Life Changes 2008

Making Marriage A Merger Of Equals

By Jennifer Woods,|Special to

Since financial issues are one of the leading causes of marital strife, it helps to think of the relationship as a merger and not an acquisitiion.  

Wedding Assortment

That’s why it’s important to make sure you and your partner openly discuss and agree on money matters before you tie the knot.  The following ten tips from financial experts can help get your marriage off on the right foot:

Step 1: Outline What You Have and What You Need

"The first step is for both spouses to create a balance sheet with all assets and liabilities,” says Eric Cramer, a certified financial Consultant with Charles Schwab. 

The list should be comprehensive, including assets such as cash, investments accounts, real estate, cars and other high value items. Liabilities should include everything from mortgages to credit card debt to student loans and promissory notes.

Cramer says it’s also a good idea to discuss assets that you expect to receive down the line, such as an inheritance, large bonus or payout from the sale of assets.

Ray Julian, a certified financial planner and executive partner with Winslow Financial Planning Group, adds it’s important that couples do not overlook jointly held property.

If one of the partners has an asset — for example, a checking account, mutual fund or piece of real estate — that is jointly held with another relative or friend,  you should disclose it to your new spouse and discuss whether it will become joint property.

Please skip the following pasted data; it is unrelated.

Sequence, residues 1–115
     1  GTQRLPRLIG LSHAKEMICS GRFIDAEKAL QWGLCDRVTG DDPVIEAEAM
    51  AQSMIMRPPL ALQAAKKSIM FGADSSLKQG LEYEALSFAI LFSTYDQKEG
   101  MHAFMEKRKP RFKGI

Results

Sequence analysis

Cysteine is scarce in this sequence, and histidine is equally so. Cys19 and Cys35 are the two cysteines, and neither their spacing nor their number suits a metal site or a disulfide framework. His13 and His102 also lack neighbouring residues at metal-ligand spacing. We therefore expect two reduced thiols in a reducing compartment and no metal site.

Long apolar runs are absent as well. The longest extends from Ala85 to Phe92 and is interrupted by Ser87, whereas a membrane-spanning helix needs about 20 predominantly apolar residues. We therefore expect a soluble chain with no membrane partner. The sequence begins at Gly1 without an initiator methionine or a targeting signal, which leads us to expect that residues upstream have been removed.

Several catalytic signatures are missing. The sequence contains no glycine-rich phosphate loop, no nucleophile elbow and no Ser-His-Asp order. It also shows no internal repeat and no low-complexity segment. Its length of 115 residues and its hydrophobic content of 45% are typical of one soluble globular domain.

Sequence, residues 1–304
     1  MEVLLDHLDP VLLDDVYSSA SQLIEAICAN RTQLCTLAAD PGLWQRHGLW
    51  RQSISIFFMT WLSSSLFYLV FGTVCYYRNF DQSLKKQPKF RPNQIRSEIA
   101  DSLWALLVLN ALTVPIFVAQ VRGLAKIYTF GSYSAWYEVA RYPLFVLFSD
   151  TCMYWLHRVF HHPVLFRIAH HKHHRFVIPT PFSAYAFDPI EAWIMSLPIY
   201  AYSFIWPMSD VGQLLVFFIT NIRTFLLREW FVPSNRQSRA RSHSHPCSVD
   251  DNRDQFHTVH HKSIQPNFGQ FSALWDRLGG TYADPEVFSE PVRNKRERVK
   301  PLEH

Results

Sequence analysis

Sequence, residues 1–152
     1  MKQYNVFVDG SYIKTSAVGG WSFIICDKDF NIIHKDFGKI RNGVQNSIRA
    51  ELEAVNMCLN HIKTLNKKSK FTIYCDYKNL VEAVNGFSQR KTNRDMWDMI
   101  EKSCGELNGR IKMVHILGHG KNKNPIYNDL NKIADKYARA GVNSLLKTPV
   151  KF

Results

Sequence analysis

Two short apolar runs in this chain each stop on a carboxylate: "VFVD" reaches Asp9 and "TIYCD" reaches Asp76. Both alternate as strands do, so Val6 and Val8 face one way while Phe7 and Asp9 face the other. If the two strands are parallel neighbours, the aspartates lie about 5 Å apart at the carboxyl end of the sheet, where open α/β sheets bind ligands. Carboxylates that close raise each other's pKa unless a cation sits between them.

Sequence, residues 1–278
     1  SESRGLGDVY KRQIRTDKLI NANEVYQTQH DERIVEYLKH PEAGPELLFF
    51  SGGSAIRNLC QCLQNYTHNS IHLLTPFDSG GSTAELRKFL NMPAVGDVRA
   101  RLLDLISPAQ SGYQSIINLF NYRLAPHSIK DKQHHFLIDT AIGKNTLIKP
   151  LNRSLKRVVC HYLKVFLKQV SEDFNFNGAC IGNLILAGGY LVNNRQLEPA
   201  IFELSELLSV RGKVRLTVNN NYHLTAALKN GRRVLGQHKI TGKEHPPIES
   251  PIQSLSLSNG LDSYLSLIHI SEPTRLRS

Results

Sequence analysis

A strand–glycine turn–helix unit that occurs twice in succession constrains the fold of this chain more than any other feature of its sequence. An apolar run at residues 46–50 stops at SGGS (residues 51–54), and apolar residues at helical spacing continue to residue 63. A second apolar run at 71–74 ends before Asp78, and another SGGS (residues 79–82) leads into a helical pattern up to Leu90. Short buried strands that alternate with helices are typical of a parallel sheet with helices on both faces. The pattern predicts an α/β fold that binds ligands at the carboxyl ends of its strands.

Step 2: Consider a Prenup

For some couples it makes sense to keep individual assets separate. This is particularly true for people who have accumulated substantial wealth or who have children from a past relationship. If so, consider a prenuptial agreement – a legally binding document that spells out who gets what if the marriage ends.

“These days the court looks at dissolution of a marriage just like dissolution of a business,” says Deena Katz, an associate professor of personal finance planning at Texas Tech University. “If you have any financial resources of substance you should protect them."

While prenups are as unromantic as you can get, Katz says the trick is to “take the emotion out of it.  You have to step back and say ‘I have things to protect that I don’t want to loose so I m going to have protection on that.’”

Step 3: Determine How to Handle Liabilities

Deciding how to manage each other’s debts is also a key issue. Some couples may opt to keep their liabilities completely separate, which can be documented in a prenup. Other couples, however, may look to combine forces when it comes to paying off debt, particularly if the partners have significantly different levels of wealth

“Maybe one spouse has a lot saved and the other has high-interest credit cards,” says Schwab’s Cramer. In such a case, it might make sense to pay off the interest .

For some couples, it may even make sense to pay off lower interest rate debts, such as a student loan, if the money is readily available.

Step 4: Set Up Yours, Mine and Ours Accounts

For couples who plan to merge all of their assets, many experts advise creating individual accounts for day-to-day purposes as well as a joint account for big-ticket items and household expenses such as the mortgage, insurance and groceries.

Setting up “yours, mine and ours” accounts spares each partner from feeling obligated to disclose every small, personal purchase while allowing them to be aware of and involved in the big picture.